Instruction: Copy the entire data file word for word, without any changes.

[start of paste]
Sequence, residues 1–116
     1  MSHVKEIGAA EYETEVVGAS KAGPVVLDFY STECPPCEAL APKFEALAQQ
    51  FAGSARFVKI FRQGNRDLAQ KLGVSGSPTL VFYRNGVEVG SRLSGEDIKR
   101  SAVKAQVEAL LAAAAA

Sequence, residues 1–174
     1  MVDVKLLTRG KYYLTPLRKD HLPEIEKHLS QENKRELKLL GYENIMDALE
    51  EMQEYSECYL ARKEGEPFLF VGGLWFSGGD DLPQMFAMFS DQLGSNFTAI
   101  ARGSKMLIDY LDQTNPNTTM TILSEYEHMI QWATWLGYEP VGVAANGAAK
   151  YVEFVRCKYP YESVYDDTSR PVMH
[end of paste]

Sequence, residues 1–116
     1  MSHVKEIGAA EYETEVVGAS KAGPVVLDFY STECPPCEAL APKFEALAQQ
    51  FAGSARFVKI FRQGNRDLAQ KLGVSGSPTL VFYRNGVEVG SRLSGEDIKR
   101  SAVKAQVEAL LAAAAA

Sequence, residues 1–174
     1  MVDVKLLTRG KYYLTPLRKD HLPEIEKHLS QENKRELKLL GYENIMDALE
    51  EMQEYSECYL ARKEGEPFLF VGGLWFSGGD DLPQMFAMFS DQLGSNFTAI
   101  ARGSKMLIDY LDQTNPNTTM TILSEYEHMI QWATWLGYEP VGVAANGAAK
   151  YVEFVRCKYP YESVYDDTSR PVMH